FOI Decision: Disclosure of Dail Bar debtors denied

By | 17th July 2018

The Information Commissioner has denied an application to release information on the identities of former members of the Oireachtas who had Dáil bar/restaurant bills written off.

The original request was made under the Freedom of Information Act 2014 by Right to Know director Ken Foxe. It asked for a breakdown of bar/restaurant debt that was written off earlier in 2017, including the name of the person/organisation who owed the money along with the amount.

The FOI was initially part-granted listing a breakdown of the amounts owed, however the identities of individual former members who owed debts to the Dail bar were withheld.

Public Interest vs Privacy Rights

After an initial internal review was upheld, Foxe sought a review with the Information Commissioner as to whether the Service was justified in refusing access to the identities of those former members under ‘section 37’.

Section 37(1) provides for the mandatory refusal of a request where the public body considers that access to the record sought would involve the disclosure of personal information relating to an individual other than the requester.

Foxe argued that the “public interest in ensuring accountability for the use of public funds would be best served by releasing the names of the members as it would make it more likely that attempts would be made to pay the money back and make it less likely that such debts would be run up in the future”.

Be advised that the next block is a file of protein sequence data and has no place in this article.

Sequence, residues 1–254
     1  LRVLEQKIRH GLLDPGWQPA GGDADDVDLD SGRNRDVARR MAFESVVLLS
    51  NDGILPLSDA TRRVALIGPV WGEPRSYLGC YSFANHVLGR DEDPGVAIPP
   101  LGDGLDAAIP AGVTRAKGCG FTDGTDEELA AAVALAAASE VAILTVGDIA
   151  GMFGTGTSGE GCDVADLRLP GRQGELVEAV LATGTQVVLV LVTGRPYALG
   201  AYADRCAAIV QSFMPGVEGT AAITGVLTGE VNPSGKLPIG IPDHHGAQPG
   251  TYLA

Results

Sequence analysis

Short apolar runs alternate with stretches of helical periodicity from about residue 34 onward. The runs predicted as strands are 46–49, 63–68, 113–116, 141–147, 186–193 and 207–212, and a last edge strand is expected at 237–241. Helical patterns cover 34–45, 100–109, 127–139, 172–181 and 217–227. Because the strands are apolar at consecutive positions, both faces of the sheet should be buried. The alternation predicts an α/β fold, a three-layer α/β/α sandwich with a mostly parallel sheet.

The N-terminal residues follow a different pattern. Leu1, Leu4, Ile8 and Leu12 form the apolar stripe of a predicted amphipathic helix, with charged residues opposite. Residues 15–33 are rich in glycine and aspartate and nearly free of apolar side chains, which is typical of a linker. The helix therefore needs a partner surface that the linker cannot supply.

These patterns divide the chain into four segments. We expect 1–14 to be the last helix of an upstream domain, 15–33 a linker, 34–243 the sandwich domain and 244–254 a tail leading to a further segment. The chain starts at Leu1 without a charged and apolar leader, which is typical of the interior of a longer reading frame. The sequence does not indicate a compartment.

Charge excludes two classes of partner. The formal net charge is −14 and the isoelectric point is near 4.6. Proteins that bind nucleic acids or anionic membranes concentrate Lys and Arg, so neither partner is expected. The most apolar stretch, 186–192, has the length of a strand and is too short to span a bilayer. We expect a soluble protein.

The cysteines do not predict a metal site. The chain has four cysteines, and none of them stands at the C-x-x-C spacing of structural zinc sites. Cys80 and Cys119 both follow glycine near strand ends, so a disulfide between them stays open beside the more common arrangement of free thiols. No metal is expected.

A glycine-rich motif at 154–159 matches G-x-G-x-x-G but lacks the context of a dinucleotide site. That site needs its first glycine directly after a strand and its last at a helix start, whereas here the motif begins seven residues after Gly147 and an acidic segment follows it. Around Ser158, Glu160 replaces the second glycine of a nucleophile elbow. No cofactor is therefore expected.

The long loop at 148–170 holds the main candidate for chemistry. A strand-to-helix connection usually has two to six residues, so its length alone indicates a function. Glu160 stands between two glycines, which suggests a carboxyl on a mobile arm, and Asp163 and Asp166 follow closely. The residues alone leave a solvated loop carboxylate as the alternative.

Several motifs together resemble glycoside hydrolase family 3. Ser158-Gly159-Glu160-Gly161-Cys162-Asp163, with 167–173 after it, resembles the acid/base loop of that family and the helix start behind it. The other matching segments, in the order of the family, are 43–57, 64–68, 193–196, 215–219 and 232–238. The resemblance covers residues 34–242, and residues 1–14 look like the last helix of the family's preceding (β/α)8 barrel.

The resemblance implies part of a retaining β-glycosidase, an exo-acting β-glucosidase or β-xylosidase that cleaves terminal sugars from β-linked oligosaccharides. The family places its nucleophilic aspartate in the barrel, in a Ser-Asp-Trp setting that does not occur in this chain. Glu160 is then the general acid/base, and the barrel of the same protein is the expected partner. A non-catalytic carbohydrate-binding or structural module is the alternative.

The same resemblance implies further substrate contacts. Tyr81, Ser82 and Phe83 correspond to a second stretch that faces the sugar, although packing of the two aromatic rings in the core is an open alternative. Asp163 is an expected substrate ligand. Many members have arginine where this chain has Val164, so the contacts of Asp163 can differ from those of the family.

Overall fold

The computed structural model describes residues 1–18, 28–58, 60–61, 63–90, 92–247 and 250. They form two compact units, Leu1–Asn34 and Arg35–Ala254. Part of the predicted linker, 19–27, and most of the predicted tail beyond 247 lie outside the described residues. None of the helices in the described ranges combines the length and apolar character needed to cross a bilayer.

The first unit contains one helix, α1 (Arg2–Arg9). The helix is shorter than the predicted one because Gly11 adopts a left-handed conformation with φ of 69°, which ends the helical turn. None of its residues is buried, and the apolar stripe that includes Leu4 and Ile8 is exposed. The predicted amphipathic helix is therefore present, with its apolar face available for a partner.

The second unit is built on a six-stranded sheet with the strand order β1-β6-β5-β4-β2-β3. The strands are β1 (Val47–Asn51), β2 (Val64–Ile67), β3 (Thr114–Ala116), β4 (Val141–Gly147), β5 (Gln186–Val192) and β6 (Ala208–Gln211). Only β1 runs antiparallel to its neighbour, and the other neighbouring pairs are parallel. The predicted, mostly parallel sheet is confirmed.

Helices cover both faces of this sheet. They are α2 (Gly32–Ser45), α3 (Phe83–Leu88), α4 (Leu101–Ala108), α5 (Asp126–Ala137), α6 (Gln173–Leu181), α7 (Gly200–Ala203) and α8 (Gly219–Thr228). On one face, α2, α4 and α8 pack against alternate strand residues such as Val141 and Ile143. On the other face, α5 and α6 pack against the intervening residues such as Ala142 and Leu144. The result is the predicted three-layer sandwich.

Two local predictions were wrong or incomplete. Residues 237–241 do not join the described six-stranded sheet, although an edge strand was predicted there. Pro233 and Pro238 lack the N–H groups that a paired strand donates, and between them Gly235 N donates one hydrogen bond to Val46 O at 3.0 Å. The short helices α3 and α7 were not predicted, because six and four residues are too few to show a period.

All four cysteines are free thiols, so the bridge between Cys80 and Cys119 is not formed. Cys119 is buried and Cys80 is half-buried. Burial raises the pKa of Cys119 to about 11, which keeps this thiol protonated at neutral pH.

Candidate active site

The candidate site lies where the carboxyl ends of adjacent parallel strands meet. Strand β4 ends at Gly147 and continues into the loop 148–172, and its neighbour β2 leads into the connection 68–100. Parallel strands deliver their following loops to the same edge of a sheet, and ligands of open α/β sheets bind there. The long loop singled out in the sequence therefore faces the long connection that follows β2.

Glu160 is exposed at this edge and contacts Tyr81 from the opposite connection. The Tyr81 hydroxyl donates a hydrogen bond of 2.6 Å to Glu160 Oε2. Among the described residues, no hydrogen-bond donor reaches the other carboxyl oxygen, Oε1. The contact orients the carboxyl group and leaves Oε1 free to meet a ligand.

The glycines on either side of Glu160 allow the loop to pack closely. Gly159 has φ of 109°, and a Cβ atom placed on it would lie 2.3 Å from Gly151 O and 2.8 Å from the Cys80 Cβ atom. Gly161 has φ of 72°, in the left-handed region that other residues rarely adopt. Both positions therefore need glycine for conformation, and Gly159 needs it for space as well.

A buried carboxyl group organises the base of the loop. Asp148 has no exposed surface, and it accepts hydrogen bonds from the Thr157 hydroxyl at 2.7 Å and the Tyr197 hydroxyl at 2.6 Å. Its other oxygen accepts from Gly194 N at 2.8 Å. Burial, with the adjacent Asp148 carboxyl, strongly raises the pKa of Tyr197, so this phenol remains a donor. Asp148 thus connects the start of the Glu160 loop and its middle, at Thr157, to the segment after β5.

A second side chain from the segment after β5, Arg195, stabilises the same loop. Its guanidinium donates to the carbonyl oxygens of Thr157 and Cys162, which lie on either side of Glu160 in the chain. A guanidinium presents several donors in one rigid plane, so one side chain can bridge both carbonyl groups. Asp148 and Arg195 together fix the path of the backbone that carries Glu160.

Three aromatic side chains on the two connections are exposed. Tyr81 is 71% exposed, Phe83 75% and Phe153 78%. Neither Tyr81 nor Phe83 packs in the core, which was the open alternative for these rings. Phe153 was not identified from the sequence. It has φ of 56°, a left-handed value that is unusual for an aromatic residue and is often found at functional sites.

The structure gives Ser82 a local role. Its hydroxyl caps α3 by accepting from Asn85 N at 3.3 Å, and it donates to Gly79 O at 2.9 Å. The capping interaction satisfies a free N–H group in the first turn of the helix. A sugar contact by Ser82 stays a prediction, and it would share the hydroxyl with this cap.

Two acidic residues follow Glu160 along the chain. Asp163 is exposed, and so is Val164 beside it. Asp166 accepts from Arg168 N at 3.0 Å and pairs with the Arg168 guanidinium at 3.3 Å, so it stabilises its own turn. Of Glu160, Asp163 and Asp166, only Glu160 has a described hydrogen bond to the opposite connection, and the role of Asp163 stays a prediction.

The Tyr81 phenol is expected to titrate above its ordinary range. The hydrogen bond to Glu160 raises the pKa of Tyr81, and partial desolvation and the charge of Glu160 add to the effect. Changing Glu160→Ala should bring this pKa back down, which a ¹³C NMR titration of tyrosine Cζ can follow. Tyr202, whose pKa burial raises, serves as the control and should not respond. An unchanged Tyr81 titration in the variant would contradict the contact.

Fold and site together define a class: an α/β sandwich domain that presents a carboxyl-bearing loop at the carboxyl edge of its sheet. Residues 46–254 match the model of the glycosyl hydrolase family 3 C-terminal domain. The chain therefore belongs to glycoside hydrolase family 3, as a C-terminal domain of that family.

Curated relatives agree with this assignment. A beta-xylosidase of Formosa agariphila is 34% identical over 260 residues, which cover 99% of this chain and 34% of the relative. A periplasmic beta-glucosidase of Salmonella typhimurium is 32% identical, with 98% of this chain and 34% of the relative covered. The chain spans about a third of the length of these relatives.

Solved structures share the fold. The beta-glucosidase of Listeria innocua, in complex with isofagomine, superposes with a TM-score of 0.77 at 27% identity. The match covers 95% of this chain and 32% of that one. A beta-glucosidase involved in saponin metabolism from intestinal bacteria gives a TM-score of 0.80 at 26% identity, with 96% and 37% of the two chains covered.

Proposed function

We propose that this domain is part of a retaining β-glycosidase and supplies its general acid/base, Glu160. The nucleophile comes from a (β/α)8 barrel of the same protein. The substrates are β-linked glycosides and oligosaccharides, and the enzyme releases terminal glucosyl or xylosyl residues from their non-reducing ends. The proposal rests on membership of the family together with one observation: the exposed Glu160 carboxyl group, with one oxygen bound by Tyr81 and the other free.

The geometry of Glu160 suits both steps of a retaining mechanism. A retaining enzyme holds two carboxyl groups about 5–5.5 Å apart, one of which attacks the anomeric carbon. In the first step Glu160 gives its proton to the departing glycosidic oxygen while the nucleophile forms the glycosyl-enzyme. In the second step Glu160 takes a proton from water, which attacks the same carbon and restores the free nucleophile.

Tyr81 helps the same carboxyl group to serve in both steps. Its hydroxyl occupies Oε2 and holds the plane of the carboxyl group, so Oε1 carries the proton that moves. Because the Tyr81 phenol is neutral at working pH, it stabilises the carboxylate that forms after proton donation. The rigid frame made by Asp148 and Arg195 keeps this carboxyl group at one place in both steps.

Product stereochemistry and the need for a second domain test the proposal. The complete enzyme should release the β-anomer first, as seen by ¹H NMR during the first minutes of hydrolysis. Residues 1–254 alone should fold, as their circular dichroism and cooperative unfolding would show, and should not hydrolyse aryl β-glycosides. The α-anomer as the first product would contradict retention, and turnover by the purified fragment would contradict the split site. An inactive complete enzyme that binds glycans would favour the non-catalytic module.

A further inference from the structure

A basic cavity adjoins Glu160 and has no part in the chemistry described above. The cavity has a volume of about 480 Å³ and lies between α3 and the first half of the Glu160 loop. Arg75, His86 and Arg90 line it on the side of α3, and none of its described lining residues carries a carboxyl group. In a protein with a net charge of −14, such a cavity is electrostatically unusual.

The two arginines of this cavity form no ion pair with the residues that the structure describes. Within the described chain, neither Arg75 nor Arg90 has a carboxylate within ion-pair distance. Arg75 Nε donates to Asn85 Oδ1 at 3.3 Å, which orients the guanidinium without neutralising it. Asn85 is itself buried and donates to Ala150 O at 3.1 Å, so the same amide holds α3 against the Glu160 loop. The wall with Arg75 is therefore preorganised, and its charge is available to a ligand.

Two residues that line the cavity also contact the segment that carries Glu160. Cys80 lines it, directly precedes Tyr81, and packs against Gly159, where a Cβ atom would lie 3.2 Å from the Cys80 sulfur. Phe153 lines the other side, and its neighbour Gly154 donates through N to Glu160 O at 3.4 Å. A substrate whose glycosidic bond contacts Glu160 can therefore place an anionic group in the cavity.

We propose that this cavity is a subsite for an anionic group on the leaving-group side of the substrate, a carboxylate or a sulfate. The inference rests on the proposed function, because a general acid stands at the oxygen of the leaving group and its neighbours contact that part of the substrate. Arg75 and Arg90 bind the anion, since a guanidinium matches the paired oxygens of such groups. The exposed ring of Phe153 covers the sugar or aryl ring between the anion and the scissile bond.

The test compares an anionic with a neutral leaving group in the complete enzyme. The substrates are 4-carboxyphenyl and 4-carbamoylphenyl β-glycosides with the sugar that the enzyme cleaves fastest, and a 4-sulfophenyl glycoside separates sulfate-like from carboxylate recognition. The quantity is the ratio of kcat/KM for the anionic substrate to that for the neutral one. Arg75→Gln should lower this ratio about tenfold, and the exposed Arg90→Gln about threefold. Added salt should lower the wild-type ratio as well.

The Oireachtas, in its submission, stated that “the debts were incurred by the members concerned in a private capacity and were deemed payable by them in a private capacity” and that “release of the identities of the former members could unfairly and perhaps irreversibly affect the good name of innocent individuals”.

They added that there was evidence that the records of debt were unreliable as the “service itself had failed to properly record” whether those debts had been paid off.

The Information Commissioner ruled in favour of the refusal, judging that the public interest had been served to a sufficient degree by the previous release of information and that the public interest in revealing the identities of former members was not “sufficiently strong, on balance, to outweigh the privacy rights of the members concerned, given their debts were incurred in a private capacity”.

Read the decision, in full, below.

 

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